African Union leaders mark 50th anniversary
Addis Ababa: African Union leaders on Saturday met for the 50th anniversary celebrations of the bloc, stressing on unity and intensified efforts to render the continent free from poverty, conflict and social inequalities.
"While our founders met for the formation of the OAU at the dawn of the independence period 50 years ago, it is fitting that we are meeting here today at a time when Africa is rising," African Union Chairman and Ethiopian Prime Minister Hailemariam Desalegn said addressing the gathering.
Stressing that unity was needed to "permanently silence the guns" in the continent plagued with violence and conflicts, the leaders said the event would boost the movement to support pan-Africanism.
"When we talk about African solutions to African problems, it is because we know that we can only permanently silence the guns if we act in solidarity and unity," said AU Commission chief Nkosazana Dlamini-Zuma, adding that the continent had a "bright future".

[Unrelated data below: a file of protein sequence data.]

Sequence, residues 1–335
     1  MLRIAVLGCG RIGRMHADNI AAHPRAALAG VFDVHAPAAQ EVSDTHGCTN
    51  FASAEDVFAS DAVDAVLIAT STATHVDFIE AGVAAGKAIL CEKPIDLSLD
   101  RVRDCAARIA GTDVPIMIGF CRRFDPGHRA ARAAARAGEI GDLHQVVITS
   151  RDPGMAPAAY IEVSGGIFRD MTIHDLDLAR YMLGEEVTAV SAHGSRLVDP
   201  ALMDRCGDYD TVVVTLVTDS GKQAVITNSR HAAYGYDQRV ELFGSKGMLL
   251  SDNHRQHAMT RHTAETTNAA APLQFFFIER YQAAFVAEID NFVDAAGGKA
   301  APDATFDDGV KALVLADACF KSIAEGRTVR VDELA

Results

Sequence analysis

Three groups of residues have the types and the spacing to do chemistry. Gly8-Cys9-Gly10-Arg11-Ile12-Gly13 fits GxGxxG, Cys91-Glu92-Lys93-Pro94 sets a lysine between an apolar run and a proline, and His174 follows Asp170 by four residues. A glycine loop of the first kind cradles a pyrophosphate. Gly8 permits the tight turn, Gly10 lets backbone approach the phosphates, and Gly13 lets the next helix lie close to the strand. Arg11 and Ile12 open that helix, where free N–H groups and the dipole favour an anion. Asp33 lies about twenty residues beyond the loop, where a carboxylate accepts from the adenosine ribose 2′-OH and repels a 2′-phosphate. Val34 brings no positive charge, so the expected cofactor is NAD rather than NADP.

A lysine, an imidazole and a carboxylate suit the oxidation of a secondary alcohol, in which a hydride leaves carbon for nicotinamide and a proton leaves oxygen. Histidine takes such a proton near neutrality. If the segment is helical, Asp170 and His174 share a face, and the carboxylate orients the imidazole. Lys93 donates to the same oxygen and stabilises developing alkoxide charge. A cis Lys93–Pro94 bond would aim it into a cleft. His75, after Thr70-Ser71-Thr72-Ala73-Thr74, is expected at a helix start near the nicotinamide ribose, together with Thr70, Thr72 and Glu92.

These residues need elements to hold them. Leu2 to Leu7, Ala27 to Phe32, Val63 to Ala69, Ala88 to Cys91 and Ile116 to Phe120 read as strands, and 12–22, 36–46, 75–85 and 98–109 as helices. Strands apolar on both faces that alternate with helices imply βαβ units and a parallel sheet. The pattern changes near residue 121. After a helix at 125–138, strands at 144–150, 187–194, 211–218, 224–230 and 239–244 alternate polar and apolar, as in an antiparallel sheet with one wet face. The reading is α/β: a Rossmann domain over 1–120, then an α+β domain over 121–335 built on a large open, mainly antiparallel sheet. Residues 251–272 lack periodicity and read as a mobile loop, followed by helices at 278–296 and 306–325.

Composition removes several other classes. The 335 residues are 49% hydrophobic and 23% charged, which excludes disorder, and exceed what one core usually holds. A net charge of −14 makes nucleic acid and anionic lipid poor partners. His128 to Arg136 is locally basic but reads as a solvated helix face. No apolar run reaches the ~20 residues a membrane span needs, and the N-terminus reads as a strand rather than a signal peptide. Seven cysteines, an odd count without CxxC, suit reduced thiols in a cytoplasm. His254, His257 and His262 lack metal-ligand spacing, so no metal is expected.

She, however, said, "the self-reliance and economic independence that our founders spoke of remains a bit elusive and social inequalities remain."
Desalegn said leaders should seek to "create a continent free from poverty and conflict, and an Africa whose citizens enjoy a middle income status."
India represented by Vice President Hamid Ansari is among ten select partners of AU which have been invited for the golden jubilee Summit. The others are the US, the European Union, France, Brazil, Russia, China, Jamaica, Palestine and the UAE.
The gathering is being attended by UN Secretary General Ban Ki-moon, US Secretary of State John Kerry and Chinese President XI Jingping`s special representative, Vice Premier Wang Yang.
China, which had been making inroads into African economy, was praised by Desalegn who expressed his "deepest appreciation" to Beijing "for investing billions... To assist our infrastructure endeavours."
The 54-member African Union (AU) evolved in 2002 from the Organisation of African Unity which had its origins in the struggle for decolonisation and was founded in Addis Ababa in 1963. The only African country not part of the AU is Morocco.
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